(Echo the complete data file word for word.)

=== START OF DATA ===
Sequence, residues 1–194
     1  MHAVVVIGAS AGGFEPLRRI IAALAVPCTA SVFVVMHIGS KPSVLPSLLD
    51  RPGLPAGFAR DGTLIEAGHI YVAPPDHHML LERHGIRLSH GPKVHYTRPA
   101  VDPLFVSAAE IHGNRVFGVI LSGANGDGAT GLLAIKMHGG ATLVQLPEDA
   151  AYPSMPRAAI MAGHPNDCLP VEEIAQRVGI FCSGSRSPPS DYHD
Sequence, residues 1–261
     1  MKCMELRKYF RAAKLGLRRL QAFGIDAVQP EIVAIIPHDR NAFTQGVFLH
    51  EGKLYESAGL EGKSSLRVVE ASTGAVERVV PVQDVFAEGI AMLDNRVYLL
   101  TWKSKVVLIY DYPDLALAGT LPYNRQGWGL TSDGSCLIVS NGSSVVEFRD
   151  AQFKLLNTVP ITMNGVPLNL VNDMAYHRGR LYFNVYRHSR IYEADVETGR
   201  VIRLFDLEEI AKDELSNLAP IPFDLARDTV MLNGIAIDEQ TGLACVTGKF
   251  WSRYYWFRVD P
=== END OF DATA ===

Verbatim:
Sequence, residues 1–194
     1  MHAVVVIGAS AGGFEPLRRI IAALAVPCTA SVFVVMHIGS KPSVLPSLLD
    51  RPGLPAGFAR DGTLIEAGHI YVAPPDHHML LERHGIRLSH GPKVHYTRPA
   101  VDPLFVSAAE IHGNRVFGVI LSGANGDGAT GLLAIKMHGG ATLVQLPEDA
   151  AYPSMPRAAI MAGHPNDCLP VEEIAQRVGI FCSGSRSPPS DYHD
Sequence, residues 1–261
     1  MKCMELRKYF RAAKLGLRRL QAFGIDAVQP EIVAIIPHDR NAFTQGVFLH
    51  EGKLYESAGL EGKSSLRVVE ASTGAVERVV PVQDVFAEGI AMLDNRVYLL
   101  TWKSKVVLIY DYPDLALAGT LPYNRQGWGL TSDGSCLIVS NGSSVVEFRD
   151  AQFKLLNTVP ITMNGVPLNL VNDMAYHRGR LYFNVYRHSR IYEADVETGR
   201  VIRLFDLEEI AKDELSNLAP IPFDLARDTV MLNGIAIDEQ TGLACVTGKF
   251  WSRYYWFRVD P